The “Poi E” effect

Yes, “Poi E” is back in the news, back in our ears, back in the charts, and back on screen in more creative and innovative ways than ever before – this time in the cinema and on You-tube. Dalvanius Prime & Ngoingoi Pewhairangi created a legacy whose message is proving to be both timeless and universal.

Timeless, because after more than a generation we’re still excited about hearing it, we’re obviously excited about buying it, and so we keep playing it. “Poi E” is clearly responding positively to the process of natural selection. And universal, because there’s a critical element within the “Poi E” message which extends well beyond Maori culture.

Regardless of who we are, where we come from, what language we speak, our level of education, financial status or occupation, we all belong in greater or lesser degree to a family.  Every last one of us has a set of kinship connections through which we inherit or adopt a family culture.  Granted, some family cultures are better expressed than others; some are well documented, others hardly at all; some are richly endowed in anecdote, others remain devoid of oral culture. If Dalvanius & Ngoingoi could achieve what they have with “Poi E”, by packaging the message in such a way that it commands our attention, then surely there’s a lesson in it for the rest of us.

Frequently, I meet people who tell me they’d like to ‘tell their stories’: of their parents, grandparents, great-grandparents, and so on; of their emigration from the old country; of those who went to war and never came back; of districts and communities no longer visible; of organisations no longer functioning; of buildings still standing but now put to different uses; of schools and churches, of farms and businesses whose daily routines have been modernised beyond recognition; and means of transport only visible as ‘vintage demonstrations’ or static displays in a museum …  and so the strands of story become multi-layered, densely interwoven, and intensely complex.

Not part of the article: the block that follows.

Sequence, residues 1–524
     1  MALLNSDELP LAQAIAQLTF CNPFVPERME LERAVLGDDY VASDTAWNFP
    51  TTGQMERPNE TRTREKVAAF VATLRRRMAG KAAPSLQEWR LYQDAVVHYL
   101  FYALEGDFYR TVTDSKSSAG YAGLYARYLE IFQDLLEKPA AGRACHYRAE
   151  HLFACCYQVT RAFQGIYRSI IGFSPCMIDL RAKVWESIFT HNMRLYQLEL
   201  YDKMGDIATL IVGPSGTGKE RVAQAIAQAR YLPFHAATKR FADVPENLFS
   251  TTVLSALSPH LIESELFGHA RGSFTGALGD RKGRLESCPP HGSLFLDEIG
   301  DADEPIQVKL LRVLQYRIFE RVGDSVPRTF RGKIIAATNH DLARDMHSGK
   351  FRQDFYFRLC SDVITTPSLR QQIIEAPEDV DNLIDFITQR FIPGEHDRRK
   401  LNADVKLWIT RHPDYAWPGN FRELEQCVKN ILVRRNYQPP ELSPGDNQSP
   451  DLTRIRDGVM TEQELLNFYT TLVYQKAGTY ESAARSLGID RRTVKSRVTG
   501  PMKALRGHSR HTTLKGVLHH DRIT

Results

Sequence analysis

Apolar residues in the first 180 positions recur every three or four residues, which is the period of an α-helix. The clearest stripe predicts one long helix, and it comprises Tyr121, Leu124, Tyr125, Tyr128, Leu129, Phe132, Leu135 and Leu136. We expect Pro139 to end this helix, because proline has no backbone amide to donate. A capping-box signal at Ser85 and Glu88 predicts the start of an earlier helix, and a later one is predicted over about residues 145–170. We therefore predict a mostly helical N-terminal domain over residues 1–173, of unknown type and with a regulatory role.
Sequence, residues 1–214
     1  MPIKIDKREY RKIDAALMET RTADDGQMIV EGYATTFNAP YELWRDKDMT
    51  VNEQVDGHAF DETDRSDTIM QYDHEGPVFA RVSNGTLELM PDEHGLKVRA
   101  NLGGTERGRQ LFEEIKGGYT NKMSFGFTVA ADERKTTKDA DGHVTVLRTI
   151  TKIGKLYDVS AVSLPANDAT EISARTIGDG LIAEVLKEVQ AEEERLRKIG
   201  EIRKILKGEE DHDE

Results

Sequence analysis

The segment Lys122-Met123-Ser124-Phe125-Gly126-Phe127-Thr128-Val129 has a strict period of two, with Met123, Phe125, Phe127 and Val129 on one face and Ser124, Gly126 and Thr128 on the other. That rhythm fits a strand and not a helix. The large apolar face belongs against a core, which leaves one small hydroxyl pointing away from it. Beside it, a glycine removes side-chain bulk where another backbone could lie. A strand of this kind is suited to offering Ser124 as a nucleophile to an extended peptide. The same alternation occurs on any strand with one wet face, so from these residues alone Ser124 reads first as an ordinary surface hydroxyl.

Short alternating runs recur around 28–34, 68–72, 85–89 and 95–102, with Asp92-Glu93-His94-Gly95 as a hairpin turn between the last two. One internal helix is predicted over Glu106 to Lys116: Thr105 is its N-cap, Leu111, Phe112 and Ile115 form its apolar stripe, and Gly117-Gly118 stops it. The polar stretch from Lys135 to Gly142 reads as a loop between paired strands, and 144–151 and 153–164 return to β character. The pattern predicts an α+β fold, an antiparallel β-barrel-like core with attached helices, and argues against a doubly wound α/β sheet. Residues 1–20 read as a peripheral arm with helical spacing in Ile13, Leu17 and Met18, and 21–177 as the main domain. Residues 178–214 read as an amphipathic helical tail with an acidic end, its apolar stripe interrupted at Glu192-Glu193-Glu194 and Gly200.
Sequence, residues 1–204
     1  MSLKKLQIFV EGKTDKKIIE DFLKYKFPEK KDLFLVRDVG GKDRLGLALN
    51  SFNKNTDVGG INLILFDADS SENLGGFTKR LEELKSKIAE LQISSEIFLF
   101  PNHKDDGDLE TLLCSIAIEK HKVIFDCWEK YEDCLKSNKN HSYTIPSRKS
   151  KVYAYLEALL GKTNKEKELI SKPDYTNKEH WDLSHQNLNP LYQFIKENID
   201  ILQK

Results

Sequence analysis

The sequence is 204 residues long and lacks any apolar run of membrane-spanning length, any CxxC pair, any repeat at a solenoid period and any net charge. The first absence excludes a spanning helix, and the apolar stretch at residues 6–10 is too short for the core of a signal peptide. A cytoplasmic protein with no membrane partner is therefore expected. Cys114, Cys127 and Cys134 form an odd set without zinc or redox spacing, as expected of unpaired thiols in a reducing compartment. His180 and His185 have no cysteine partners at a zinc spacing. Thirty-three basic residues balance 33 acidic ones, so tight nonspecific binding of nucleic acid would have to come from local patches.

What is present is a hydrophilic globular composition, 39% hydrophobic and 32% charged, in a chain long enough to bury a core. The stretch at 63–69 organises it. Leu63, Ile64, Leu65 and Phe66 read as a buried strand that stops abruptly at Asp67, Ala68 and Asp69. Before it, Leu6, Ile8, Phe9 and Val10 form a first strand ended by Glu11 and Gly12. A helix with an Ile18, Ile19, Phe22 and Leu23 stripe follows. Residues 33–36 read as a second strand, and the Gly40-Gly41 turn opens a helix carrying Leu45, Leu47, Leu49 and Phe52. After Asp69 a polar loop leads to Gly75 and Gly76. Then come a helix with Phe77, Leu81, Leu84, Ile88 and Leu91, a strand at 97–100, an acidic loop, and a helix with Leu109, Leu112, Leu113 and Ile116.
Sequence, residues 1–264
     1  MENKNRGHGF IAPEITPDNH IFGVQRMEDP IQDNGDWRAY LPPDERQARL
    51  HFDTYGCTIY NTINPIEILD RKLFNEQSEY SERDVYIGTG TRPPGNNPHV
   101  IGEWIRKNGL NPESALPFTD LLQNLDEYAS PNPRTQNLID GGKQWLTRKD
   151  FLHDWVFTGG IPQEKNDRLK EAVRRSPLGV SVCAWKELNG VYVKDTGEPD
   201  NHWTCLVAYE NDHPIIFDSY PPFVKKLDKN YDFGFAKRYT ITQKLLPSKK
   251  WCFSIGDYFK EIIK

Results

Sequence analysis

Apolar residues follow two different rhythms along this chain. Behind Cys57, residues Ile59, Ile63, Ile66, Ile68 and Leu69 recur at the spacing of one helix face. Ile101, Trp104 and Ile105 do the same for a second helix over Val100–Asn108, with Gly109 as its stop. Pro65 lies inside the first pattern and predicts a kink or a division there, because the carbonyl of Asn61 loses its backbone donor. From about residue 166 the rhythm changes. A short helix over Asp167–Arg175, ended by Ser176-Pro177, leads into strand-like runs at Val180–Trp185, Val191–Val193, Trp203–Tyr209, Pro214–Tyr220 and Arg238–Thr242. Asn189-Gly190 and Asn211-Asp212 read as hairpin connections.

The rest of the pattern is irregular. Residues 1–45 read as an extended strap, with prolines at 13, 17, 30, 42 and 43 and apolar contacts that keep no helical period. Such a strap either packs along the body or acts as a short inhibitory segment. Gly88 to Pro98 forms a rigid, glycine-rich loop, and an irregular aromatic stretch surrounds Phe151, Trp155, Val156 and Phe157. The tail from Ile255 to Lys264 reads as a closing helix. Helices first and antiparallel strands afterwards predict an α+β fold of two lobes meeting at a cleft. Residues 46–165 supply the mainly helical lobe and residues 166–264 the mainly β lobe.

Often, the next thing these same people say begins with “But … “

“… my family weren’t important people, they were just ordinary folk. Nobody would be interested in anything about them.”

“… I wish I had talked to or recorded ‘so-and-so’ before they died – they knew so much and now it’s all gone.”

“… I don’t know where to begin.”

“… my children don’t seem very interested. They never knew these people.”

“… how could I put together all the information I’ve already got, so that it makes sense?”

There is a growing realisation that the stories are important; that they must be passed down to the next generations. If the current ‘Gen Y’ and their children – the techno kids – are to connect with the stories that are their inheritance, the information must be presented in a format that is at once enticing and accessible. This means, we need to get creative and do it differently: same message, different packaging.

So, you might reasonably ask, “What does this different packaging look like?”

The answer to that question is less straight forward. There is no ‘one-size-fits-all’ formula – it isn’t that simple. As with “Poi E”, the packaging must be enticing and the contents accessible. Gen X and Gen Y are utterly deserving of information about who they are as well as an understanding of what it is that they have inherited. However, they are discriminating, discerning and highly selective. How to make the material accessible is up to you; how they go about applying it is up to them. That’s the “Poi E” effect.

Want to know more? Click here.